I was appalled on Halloween of my sophomore year when a student dressed up in a mock Caitlyn Jenner costume, which violated dress code and made a majority of students uncomfortable. Instead of condemning this student’s choice, the student who was an ardent Patriot Club member, was awarded by the administration and placed in the best costume contest. In my junior year, I was disturbed by the fact that the administration still allowed for the topic of the legality of same-sex marriage to be debated in the junior year health class debate series. A debate topic which ultimately invalidated the existence of LGBT+ students in the past and whose removal had to be advocated by the students.

I have found in many cases, an overt projection of conservatism and nationalism while growing up in Caldwell. This has made many kids on the left marginalized and out of place, due to the perception. The administration might allow the pride flag to be displayed preemptively in the 400 wing, but do they really promote an environment of tolerance? Emma Ogando, a senior at JCHS, details the environment that has been created, “I feel that JCHS is a place where students feel safe to make sexist, racist, and homophobic comments. It was explained to me that the administration is aware that such behavior goes on, but I wish they took it a step further and worked harder to promote a safer, more tolerant atmosphere for the students. I personally feel that the school falls short of doing this. Additionally, the administration has been known to target female students regarding the dress code, but male students are [seen wearing] shirts promoting drugs, sex, and violence. As a student, I feel let down by the administration.” Alumnus Taryn Urban of the class of 2014 also remarks on her own personal experience: “I found that my education at JCHS was severely lacking meaningful conversations on social justice issues and did not provide me with a solid foundation for learning about these topics in college. Looking back at my high school self, I realize that I accidentally said and did some racist things, and was not challenged on it by my peers or teachers. JCHS fails at teaching students how to exhibit basic respect and understanding towards marginalized communities.” A dominant conservative culture within the community fails their students in the long run and stifles any supposive tolerance the community attempts to promote.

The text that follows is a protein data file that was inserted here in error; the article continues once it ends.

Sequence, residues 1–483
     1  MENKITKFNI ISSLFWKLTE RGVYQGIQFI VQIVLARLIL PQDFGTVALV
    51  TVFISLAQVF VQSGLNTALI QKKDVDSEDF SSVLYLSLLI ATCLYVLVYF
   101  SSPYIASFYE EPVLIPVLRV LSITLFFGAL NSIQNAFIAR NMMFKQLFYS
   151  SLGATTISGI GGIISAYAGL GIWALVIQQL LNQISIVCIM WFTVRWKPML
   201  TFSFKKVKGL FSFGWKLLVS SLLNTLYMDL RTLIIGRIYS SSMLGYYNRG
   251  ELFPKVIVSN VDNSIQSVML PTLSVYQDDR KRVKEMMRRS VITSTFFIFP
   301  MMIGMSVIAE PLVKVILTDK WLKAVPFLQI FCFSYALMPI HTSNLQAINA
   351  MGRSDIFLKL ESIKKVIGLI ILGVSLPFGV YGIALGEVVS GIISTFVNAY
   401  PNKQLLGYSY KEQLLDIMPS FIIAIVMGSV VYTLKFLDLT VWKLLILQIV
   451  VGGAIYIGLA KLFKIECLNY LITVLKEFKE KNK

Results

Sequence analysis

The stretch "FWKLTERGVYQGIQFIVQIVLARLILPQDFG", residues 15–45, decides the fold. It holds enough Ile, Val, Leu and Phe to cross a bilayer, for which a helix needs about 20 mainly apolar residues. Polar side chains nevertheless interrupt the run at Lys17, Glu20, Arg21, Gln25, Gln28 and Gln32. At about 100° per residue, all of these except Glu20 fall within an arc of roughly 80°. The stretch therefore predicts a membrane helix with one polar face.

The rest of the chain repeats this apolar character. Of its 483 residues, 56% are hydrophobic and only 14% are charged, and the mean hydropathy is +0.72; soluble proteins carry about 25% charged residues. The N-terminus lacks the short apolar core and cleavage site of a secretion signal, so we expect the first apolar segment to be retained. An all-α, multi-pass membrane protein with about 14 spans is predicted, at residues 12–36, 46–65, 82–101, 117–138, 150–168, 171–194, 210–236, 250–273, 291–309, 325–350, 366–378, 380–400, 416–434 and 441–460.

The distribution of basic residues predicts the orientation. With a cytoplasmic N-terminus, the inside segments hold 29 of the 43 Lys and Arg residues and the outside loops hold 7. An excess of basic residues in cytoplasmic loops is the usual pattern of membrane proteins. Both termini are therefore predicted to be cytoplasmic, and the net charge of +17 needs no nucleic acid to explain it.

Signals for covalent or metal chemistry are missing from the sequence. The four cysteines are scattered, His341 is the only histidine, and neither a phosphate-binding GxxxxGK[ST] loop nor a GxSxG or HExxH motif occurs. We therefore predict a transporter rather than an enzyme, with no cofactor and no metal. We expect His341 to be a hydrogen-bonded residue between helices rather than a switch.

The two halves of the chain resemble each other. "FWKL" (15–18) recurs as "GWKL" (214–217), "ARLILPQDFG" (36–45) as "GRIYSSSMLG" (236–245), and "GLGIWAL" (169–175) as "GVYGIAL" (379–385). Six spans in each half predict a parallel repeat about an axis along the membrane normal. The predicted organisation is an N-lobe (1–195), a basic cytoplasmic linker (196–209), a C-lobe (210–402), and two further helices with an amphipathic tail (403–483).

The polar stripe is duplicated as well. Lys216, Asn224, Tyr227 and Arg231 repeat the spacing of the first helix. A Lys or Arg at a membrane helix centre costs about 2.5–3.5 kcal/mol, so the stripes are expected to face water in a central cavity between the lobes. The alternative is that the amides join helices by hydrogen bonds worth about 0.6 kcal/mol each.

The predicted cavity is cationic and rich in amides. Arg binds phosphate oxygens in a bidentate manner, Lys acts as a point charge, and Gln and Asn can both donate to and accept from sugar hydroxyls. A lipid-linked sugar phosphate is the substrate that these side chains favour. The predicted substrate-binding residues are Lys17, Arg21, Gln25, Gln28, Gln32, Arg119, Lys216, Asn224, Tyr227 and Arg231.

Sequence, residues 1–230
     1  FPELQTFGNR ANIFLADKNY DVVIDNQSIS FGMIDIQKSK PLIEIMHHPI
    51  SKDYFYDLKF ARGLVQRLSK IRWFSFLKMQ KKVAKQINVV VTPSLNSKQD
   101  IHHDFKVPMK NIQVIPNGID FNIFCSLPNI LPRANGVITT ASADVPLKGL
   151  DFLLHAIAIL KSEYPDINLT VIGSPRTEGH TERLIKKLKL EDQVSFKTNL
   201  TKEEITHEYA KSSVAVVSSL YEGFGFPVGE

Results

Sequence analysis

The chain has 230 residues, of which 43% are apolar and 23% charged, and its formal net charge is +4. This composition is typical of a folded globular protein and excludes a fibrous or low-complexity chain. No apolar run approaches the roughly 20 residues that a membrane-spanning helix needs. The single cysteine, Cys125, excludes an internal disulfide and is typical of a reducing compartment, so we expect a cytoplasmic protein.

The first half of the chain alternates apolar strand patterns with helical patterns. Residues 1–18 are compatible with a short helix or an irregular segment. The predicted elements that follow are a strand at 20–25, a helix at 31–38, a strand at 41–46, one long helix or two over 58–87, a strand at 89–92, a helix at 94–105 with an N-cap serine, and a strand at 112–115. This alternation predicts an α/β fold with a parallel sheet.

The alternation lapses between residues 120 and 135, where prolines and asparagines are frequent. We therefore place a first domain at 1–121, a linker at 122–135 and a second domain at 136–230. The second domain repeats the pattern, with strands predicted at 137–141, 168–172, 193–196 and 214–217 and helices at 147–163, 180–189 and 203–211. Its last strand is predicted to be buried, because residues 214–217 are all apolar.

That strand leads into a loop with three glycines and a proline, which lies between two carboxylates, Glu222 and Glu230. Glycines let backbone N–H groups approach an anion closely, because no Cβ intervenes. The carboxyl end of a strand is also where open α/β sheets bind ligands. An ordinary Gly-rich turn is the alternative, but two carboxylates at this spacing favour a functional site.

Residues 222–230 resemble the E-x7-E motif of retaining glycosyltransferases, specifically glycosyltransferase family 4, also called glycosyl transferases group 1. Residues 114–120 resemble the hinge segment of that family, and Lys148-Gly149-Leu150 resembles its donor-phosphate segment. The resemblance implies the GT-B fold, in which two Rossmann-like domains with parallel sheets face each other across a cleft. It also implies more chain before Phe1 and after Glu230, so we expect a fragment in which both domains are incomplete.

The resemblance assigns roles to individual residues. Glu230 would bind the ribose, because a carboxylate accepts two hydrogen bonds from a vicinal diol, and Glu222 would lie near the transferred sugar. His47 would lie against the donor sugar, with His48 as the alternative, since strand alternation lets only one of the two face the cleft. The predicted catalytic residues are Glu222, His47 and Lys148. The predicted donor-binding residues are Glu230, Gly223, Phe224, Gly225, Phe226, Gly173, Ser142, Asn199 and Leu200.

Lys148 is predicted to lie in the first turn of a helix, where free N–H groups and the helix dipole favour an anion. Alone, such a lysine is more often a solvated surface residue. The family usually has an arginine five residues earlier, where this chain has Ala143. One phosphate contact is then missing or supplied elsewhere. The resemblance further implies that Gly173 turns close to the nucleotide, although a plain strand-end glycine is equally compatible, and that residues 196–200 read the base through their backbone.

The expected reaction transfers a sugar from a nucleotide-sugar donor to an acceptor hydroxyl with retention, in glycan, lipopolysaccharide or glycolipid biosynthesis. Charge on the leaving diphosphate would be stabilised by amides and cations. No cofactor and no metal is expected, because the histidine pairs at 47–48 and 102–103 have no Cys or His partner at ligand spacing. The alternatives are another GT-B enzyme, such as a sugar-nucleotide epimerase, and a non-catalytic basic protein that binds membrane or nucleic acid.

I have to stress that although these are just my experiences, there are many more like mine that all indicate towards this quiet yet burdening atmosphere. The administration may interview GSA students about harassment or prohibit political banners at sports events, a prohibition circumvented by members of the community who created shirts with both the Blue Lives Matter flag and Chiefs heads on them, but the empowerment is still there. The reality is that the right is organized and dominating in Caldwell and this has consequences for all members of the community. There has to be a change, a removal of political bias within our school community. I believe that such change within our community is possible, but can only be brought about by direct action of students. If there is to be any “Place of Possibilities” then it is true that there exists still a great burden of change for students at Caldwell.